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labours he has appropriated. But when it is considered, that this work is designed chiefly to be read in schools, where grammatical improprieties would be extremely injurious to the germinating taste of the young reader, it will doubtless be conceded, that the sacrilege of disturbing the monuments of the dead—the profanation of removing a little of the rust and rubbish which adhere to the precious gems of an antiquated, or even of a modern, author, is, on the whole, a lighter transgression than either to neglect to furnish the rich banquet, or to get it up in a slovenly manner.

The scientifick portion of this manual, is far more defective than it would have been, had not the author, since making arrangements for publishing it, been prevented, by unfavourable, unforeseen, and uncontrollable circumstances, from devoting half that time and attention to its composition and arrangement, which even a tolerable degree of excellence in execution, required. His highest aim has been to treat the subject briefly and practically; and thereby to render his work useful to such as have but little leisure to devote to this science.

In the selected part, he has endeavoured to present such pieces as are calculated to cultivate the taste, enlighten the understanding, improve the judgment, and establish the morals of the young, and, at the same time, to inspire them with a fondness for reading, and a desire to excel in the science of elocution.

In conclusion, it affords the author no small degree of pleasure to acknowledge the obligation he is under to Dr. James Rush, who, with a liberality peculiar to superiour minds, and a courtesy exercised only by accomplished men, tendered to the author, in the compilation and arrangement of his work, such a use of his own, admirable treatise on the “Philosophy of the Human Voice," as he might think proper to make. This remark will sufficiently explain to the reader, the grounds of that license by which the author has drawn so many of his best materials from the rich depository alluded to.* * It is the design of the Author to publish, in the course of a year or two, a SE

I to this work, and soon to follow that by a treatise on RHETORICK.



Page 1

Elocution-Introduction, 19 A Series-Simple, Compound,


25 &c.

93 to 98


26, 27, 28 Rules for the Simple Series, 93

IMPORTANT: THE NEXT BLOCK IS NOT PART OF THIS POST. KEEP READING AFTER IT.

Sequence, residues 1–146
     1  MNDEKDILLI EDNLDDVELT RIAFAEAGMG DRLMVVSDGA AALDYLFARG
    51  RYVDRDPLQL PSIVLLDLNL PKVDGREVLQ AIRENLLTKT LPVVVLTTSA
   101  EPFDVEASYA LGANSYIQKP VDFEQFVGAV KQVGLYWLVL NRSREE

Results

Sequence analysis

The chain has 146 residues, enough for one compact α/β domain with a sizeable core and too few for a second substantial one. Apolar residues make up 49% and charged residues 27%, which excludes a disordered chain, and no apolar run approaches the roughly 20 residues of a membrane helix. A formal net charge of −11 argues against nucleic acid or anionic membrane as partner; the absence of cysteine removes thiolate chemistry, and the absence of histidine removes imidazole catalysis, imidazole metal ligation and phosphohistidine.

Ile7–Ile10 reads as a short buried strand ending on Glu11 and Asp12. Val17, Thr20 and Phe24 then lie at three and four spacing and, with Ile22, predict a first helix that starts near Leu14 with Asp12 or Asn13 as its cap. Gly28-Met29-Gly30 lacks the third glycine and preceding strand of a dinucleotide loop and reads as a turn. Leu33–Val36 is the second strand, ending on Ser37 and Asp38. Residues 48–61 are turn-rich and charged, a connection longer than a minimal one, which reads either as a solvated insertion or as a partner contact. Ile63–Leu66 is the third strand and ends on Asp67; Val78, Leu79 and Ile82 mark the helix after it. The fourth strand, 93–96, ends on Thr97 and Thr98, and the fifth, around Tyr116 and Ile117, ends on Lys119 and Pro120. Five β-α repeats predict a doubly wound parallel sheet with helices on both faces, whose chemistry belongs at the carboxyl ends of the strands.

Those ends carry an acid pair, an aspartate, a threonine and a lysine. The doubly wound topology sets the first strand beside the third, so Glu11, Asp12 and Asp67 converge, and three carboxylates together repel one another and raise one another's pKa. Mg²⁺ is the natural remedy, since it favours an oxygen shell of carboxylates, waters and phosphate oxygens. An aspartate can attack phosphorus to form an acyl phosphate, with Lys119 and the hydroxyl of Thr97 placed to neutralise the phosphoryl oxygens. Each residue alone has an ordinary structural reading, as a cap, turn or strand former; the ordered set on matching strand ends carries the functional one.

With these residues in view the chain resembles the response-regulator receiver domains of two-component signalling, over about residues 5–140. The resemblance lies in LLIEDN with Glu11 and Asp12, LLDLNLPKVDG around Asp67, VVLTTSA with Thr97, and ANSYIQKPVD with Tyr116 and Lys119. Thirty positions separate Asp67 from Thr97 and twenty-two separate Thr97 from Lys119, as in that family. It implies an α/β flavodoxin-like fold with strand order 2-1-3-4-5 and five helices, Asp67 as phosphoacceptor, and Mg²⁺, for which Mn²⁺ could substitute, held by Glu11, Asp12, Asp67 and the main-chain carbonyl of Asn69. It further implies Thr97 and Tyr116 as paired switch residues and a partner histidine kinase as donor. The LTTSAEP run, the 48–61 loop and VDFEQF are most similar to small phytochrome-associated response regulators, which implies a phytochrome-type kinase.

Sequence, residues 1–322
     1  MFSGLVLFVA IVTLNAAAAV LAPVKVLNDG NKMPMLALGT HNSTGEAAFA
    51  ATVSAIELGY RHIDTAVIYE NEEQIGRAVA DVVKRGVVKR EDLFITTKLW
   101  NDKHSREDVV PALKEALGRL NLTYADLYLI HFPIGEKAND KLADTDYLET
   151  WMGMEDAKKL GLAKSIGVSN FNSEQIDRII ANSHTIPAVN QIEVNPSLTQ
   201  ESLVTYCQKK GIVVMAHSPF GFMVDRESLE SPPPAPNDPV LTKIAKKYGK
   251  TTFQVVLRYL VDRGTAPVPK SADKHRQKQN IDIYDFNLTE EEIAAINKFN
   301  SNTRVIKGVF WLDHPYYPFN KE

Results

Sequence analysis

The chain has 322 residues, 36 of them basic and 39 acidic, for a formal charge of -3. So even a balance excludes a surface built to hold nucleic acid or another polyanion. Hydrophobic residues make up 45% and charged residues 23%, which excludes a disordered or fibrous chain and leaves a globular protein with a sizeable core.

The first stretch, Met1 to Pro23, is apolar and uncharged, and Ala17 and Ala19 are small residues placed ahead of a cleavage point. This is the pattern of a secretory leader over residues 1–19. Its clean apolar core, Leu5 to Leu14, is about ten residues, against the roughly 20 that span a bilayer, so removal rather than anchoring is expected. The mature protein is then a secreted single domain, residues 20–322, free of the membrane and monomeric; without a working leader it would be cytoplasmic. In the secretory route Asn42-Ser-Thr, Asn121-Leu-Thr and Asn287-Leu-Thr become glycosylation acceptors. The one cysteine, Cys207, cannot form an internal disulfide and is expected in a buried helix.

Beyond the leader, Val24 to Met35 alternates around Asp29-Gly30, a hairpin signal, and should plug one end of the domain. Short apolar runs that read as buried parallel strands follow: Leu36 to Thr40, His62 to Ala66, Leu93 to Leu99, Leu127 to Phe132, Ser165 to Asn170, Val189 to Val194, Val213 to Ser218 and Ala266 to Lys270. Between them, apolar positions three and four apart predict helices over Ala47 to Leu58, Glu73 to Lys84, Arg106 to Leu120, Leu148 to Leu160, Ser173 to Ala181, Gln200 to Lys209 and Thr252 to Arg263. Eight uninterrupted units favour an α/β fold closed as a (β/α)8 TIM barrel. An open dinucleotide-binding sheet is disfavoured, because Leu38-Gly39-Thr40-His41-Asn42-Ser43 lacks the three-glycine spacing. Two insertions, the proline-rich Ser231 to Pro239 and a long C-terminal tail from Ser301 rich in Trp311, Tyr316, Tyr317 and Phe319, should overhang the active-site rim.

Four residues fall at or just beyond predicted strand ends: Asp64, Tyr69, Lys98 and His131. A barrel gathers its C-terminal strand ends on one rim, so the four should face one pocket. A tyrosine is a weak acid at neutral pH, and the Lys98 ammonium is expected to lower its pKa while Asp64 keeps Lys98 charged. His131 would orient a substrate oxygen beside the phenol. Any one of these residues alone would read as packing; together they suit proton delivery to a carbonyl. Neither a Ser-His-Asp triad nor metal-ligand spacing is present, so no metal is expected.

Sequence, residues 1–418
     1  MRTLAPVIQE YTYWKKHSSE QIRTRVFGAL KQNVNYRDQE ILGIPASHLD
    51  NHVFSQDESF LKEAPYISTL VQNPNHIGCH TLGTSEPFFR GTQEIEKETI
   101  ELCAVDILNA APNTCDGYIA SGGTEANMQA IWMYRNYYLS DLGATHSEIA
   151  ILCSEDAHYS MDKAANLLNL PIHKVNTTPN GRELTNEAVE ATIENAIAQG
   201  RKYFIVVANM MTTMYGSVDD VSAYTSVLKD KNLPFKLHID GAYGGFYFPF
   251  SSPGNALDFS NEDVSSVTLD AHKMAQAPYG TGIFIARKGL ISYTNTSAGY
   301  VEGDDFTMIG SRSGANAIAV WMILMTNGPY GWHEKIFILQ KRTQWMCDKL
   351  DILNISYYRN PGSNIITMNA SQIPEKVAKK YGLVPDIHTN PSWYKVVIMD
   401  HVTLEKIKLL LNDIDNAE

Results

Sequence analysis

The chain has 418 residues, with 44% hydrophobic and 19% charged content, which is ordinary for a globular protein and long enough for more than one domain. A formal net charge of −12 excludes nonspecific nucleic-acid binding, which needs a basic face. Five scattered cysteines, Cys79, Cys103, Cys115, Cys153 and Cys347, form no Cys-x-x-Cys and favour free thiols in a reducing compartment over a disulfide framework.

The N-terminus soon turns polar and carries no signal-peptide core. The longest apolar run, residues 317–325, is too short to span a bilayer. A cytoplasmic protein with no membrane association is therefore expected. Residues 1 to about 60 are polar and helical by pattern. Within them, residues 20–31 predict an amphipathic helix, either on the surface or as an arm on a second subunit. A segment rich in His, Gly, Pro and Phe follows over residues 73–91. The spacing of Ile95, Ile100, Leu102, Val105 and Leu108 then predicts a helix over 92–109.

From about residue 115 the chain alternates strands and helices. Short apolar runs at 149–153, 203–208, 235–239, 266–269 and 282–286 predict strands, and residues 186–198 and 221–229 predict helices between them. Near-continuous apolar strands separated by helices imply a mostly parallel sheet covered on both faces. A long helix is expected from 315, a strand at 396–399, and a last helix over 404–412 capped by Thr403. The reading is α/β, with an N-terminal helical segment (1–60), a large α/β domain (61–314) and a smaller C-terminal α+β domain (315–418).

of the Elementary sounds, 29 Rules for the Compound do. 97

Of the Radical and Vanishing Rules for Series of Series, 98

movements of the voice, 31 | Wrong Inflection capable of

of the Tonick, Subtonick, and perverting the sense, 100

Atonick elements,

Circumflex or Wave,


Diphthongs and Monothongs, 33 Single and Double Wave, Con.

Theory of Syllabication,

tinued, Equal, Direct, &c.

Of the unaccented Vowel

105, 106

sounds defects in explod Analysis of Force, 113, 115

ing them,

40, 41 Radical Stress,


of the Consonant sounds, 42 Vanishing, Compound, and Me-

Errour of blending syllables, 45 dian Stress,


Pronunciation of AND, 47 | Accent-Aspirate elements,
Suppression and perversion of

117, 118

elementary sounds to be Emphasis-General Rule, 119, 120

guarded against,

49 Do. Simple and Compound, 124

Affected pronunciation of par- Do. Superiour and Inferiour, 125

ticular vowels, 49 to 52 Emphasis of Radical and Van-

Of Tones and Modulation, 59 to 72 ishing Stress,


Semitone, Monotone,

60 | Emphatick Inflections, 128

Interval, Qualities of voice, The Meaning of a passage de-

Abruptness, Pitch,

61 pendant on Emphasis, 129

Diatonick Scale, Note, Tone, of Time,


Concrete and Discrete Slides, of Quantity,


Radical Pitch, 61, 62, 75 Of Rhetorical Pauses, 138 to 140


64 of the Emphatick Pause, 141

Errours in regard to Pitch and Of Poetry and Versification, 142

Tones--Affected Tones, 67 to 69 Blank Verse, Poetick Feet, 142

Errours in Modulation—Mo Manner of reading Poetry—


71 Poetick Pauses,


Artificial_Uniform Variety, 71, 721 On reading Blank Verse, 145

Inflections of the voice, Cire Cæsural Pause,


cumflex, Concrete Slides, 75 Rhetorical Action,


Rising Inflection or Slide, of a General hints to the reader and

third, fifth, and octave, 77 the speaker,


Falling Inflection,

77 | Hints on Pulpit Eloquence, 157

Rules for the Inflections, 82 to 98




Paragraphs in Prose,

159 Intellectual Qualities of Mil-

Manner of Reading do.

159 ton,

Channing, 208

Alexander Hamilton, Webster, 162 Hamlet's Advice to the Play-

Eloquence of Daniel Webster, 163 ers,

Shakspeare, 210

Moral Sentiments,

164 Efficacy of the Sacred Scrip-

Paragraphs in Verse,

165 tures, . Wayland, 211

Ode to an Indian Gold Coin, St. John, chapter 9,


Dr. Leyden, 166 Industry necessary to the At-

Parting of Zal and Hinda, tainment of Eloquence, Ware, 216

Moore, 167 On Eloquence,

Wirt, 218

A Dirge,

Croly, 168 Caspar Hauser, 221, 224, 230

Hamlet's Reflections on Yor- Traits of Indian Character,

ick's Skull, Shakspeare, 169

Irving, 240, 243

Reflections on the Tomb of Speech of Logan, Jefferson, 247

Shakspeare, Irving, 169 Speech of Farmer's Brother, 248

On Studies, Lord Bacon, 170 Red Jacket,

Halleck, 249

Liberty and Slavery, Sterne, 172 Psalm 90,


On the Starry Heavens, Flint, 173 Version of the same, Watts, 252

Scenes in Italy, Lady Morgan, 176 St. John, chapter 12,


Affection for the Dead, Irving, 177 Version of the same, Moore, 253

Character of Bonaparte,

There's nothing true but Hea-

Phillips, 179 ven,

Moore, 254

Speech-Bunker-Hill Monu Secret Devotion, Moore, 254


Webster, 182 The Soul in Eternity, Byron, 255

Hezekiah, King of Judah, Henry the Fourth's Soliloquy

Gleig, 183 on Sleep, Shakspeare, 255

Destruction of Sennacherib's Apostrophe to Light, Milton, 256

Byron, 186 Darkness,

Byron, 257

Psalm 137,

187 Lochiel's Warning, Campbell, 259

Version of the same, Barlow, 187 Gray's Elegy, .


Version of the same, Byron, 188 Stanzas, •Dr. Percival, 264